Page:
BYLINE: Tim Damos
A former game warden is contesting charges that he used his position to seize items he then kept for himself.
The attorney for 45-year-old David G. Horzewski of Reedsburg has filed motions to dismiss the case against her client, arguing the time frame in which the state may prosecute the alleged offenses has expired.
“If the seizure of the firearms was unlawful, the six-year statute of limitations clearly applies,” attorney Rachel Krueger of Madison wrote in a legal brief.
Prosecutors have charged Horzewski — who began working for the state Department of Natural Resources in December 1994 — with six felony counts of theft and two felony counts of misconduct in office, alleging the offenses took place between 2003 and 2013.
The criminal complaint details multiple instances in which Horzewski allegedly confiscated items — such as guns, scopes, deer antlers, and other gear — from people he cited, but never submitted the items into evidence.
There is an exception for the statute of limitations that allows prosecution of a felony theft that occurred more than six years ago in which the owner of a stolen item did not immediately notice that it was missing. In that exception, prosecution of the theft must occur within a year of when the owner became aware of the theft.
But Krueger said that exception could not apply to her client’s case.
“If the owners of the firearms are the individuals from whom the firearms were seized by the defendant, these individuals discovered the loss of the firearm at the time of or shortly after the seizure,” Krueger wrote in a legal brief.
And if the state claims the DNR was the owner of the firearms, Krueger wrote, then the six year time frame already has expired.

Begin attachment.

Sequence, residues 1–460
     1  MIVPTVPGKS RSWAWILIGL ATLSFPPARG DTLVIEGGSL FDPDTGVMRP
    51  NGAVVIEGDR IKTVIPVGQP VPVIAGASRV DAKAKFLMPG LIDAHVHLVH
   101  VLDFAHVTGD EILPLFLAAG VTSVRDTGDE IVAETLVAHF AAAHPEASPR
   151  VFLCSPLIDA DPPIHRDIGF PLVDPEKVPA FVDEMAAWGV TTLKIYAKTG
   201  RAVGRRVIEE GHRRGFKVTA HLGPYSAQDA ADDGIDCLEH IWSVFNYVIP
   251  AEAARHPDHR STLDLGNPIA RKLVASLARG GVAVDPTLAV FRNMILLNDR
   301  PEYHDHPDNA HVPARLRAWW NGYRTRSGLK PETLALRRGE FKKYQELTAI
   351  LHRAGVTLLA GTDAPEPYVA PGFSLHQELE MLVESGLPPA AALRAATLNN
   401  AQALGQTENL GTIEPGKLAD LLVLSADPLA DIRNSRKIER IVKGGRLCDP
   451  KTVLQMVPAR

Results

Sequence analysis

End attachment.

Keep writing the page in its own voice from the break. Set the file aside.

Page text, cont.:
“The DNR cannot legitimately claim to have discovered the alleged loss of the firearms at issue until after the defendant’s termination when all of the information regarding the seized firearms was at its fingertips,” the motion to dismiss states.
Krueger wrote that Horzewski submitted reports regarding the seizure of items, and that other DNR employees were with him during several instances. Therefore, the agency should have been aware of the thefts more than six years ago.
In a separate motion, Krueger claimed that portions of the criminal complaint are not relevant to the case or are prejudicial, including references to alleged DNR employee policy violations that don’t have any bearing on the case and references to his children.
The motion to dismiss also argues that two of the charges are duplicates of each other. And in one passage, Krueger implies that the DNR’s response to the revelation of missing evidence was excessive.
“Rather than ask the defendant to return these items, the DNR contacted the Capitol Police,” Krueger wrote in the motion to dismiss.
Horzewski — who worked as a warden in the Reedsburg area — was fired in July 2013 for what DNR officials have called “integrity issues.” His supervisors said he violated multiple department policies over the years and had a history of using state resources for personal reasons.
A hearing regarding the motion to dismiss charges has been scheduled for Sept. 11. Horzewski is currently free on a $5,000 signature bond.
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